Over at GigaOm there’s a piece that outlines three simple rules for making a hit video-game movie. Have it resemble an existing movie genre; put a hot chick in the lead; and keep the budget reasonable. Onéchambara sticks religiously to that tripitaka. It didn’t cost a lot, it ties into the whole post-apoc zombie-hunt genre (yes, it’s a genre unto itself now, deal with it), and it sports a bikini-clad, katana-swinging Eri Otoguro in the title role. Bullseye.
And yet, somehow, Onéchambara doesn’t quite have the same insane electricity as all the original and even lower-budget cult-midnight properties spewing out of Japan’s slit-open cinematic underbelly right now. After Machine Girl and Tokyo Gore Police and Oh! My Zombie Mermaid and all the rest of them, Onéchambara almost feels like it’s playing it safe. That could be due to any number of things. The fact that it’s a video game adaptation, for one: maybe they ran the risk of fan wrath if they didn’t include this or that element in it, and they had to shortchange real creativity for being faithful to the source.
I would be lying if I said I didn’t enjoy it for what it was. It’s fun, all right. It gives us girl-vs.-zombie action galore, gives us a girl-vs.-girl ending that goes over the top enough times to be satisfyingly outré (even if the rest of the movie really isn’t), and has sense enough to not run more than ninety minutes. I just wished it had been … well, loopier. Once the bar has been raised for how unhinged this kind of thing can get, it’s hard to set it back to its default position.
The story: A virus has been unleashed that has killed most of the world’s population and turned many of the rest into zombies who no longer remember the correct use of soap or deodorant. Bands of marauding survivors kill zombies for sport and attack each other for what few supplies remain. Among the survivors is the Onéchambara Girl herself, Aya, tearing through legions of zombies with one flick of her supernaturally-charged sword. She’s on a mission to find a girl named Saki—her sister, now in the keep of the sinister Dr. Sugita, he who is responsible for turning the planet into Standing Room Only Of The Living Dead.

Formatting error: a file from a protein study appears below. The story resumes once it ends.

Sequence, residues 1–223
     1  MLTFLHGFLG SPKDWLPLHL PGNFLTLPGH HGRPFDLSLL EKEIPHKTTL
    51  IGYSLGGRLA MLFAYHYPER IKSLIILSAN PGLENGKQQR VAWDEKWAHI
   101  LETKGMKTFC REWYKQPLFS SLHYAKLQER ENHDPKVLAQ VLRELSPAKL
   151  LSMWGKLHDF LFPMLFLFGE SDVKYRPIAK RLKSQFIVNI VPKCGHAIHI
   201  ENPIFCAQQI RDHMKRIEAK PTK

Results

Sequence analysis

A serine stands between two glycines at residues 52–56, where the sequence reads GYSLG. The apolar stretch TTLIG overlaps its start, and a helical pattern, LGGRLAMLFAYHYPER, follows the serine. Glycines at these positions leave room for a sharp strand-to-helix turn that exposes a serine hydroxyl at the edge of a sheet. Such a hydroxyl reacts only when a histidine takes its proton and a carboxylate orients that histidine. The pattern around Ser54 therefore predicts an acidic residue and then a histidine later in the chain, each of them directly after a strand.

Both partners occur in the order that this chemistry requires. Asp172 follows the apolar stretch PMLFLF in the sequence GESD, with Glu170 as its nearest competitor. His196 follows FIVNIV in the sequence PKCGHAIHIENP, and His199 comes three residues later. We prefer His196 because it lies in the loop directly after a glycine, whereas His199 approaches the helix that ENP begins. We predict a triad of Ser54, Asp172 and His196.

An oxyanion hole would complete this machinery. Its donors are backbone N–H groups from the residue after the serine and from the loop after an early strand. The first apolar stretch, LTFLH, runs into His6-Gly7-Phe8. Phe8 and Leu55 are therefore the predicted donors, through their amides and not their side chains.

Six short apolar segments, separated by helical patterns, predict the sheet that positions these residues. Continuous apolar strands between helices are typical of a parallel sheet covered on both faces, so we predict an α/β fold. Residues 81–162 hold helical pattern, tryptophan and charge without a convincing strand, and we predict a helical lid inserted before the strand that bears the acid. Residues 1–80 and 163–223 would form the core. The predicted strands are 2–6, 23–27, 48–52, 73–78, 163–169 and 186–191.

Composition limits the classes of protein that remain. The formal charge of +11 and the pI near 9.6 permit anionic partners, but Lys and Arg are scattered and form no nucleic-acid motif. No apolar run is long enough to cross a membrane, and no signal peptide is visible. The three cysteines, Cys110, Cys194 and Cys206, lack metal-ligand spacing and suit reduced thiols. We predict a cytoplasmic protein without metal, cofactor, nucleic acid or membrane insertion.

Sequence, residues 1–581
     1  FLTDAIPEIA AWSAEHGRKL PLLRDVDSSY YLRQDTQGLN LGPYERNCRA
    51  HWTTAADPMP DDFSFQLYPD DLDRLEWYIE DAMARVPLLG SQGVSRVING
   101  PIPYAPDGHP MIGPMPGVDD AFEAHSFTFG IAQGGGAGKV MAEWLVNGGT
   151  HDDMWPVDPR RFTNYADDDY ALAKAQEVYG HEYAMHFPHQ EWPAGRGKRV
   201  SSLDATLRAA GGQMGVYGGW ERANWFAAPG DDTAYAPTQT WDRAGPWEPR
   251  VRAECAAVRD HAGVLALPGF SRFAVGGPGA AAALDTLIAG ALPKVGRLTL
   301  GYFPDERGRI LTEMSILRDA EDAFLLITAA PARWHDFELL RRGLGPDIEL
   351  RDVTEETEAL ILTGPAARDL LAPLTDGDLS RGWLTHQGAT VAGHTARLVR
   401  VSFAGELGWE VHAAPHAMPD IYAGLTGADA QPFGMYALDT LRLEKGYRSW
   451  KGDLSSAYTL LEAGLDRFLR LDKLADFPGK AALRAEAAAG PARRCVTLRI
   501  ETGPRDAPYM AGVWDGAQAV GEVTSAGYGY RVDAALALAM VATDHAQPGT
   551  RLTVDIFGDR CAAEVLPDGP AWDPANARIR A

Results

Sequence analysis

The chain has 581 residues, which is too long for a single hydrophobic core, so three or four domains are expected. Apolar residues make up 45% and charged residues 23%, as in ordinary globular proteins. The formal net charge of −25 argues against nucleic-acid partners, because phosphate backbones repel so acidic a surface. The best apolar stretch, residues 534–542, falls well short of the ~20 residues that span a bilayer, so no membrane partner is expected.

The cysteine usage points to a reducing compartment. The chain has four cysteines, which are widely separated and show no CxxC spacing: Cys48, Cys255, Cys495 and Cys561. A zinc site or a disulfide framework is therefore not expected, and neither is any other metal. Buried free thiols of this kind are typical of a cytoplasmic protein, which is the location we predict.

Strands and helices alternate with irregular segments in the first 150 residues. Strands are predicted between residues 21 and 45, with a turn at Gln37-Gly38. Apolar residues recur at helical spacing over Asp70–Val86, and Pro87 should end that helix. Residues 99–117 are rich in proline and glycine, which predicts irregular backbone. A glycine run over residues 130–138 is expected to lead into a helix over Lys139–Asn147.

Aya’s got a sidekick, the oafish Katsuji (Tomohiro Waki), who for all his size and muscle is amazingly inept at fighting. She also picks up a female co-conspirator, the shotgun-slinging Reiko (Manami Hashimoto), and together the three of them kick a whole mess of zombie butt. Interleaved with the gun-, sword-, knife- and fist-fu are a couple of subplots that provide the movie’s pretense of character development, such as how Aya and Saki’s mutual hurts go back into a childhood betrayal that scarred them both. That said, I see this being sold to SyFy a lot faster than Lifetime or Oxygen.
The movie’s fun enough to watch on a basic action-picture level, but even there I found myself nitpicking. Eri’s sword calisthenics (courtesy of Geisha Vs. Ninjas’s Gô Ohara) are unfairly obscured by digital effects, like the lightning arc of white fire that blazes out whenever she tears through a zombie horde. Aya herself, though, is a living embodiment of the Bulletproof Nudity Rule: the less you wear, the harder you are to hit. (One would think she wears that bikini as a way to move all the more freely, but those high-heeled cowboy boots kind of put the lie to that theory.) And once again I observed an unintentional side effect of Japan’s bubble economy: it’s provided no end of abandoned factories and industrial buildings for filmmakers looking for appropriately grimy action-movie backdrops.
Another thing that sets Japanese n-sploitation project apart from their Western counterparts: the amount of pathos in the story. You gotta have heart, even if it’s ripped out and eaten (and not just by zombies). The Aya/Saki conflict I mentioned above is pretty forgettable stuff, but I liked a bit towards the middle of the movie where Reiko comes across a girl who may be preparing to succumb to the zombie virus and tries to care for her in an abandoned hospital a la Silent Hill. It’s atmospheric (both the hospital and a creepy earlier set-piece with the girl), and there’s even a moment of real sadness when Reiko has to act once and for all. Said subplot also ties into a similar one where Katsuji finds his zombified sister—which is also sort of touching, but so is my butt and the seat cushion.
So, okay. I’ll be as fair as I can. Is Onéchanbara destined to live forever? No. Is it fun? Sure. Does it cover the bases? That it does. Is there a sequel on the way? … Need you even ask?
Afterword: How I love a good untranslatable pun. Oné-chan in Japanese is a term of endearment for one’s sister, and chanbara means cinematic swordplay. Thus, a portmanteau: Onéchanbara. I leave it as an exercise to the reader whether Sister Swordslinger has a more fitting Asian Trash Cinema aroma about it than Zombie Bikini Squad.
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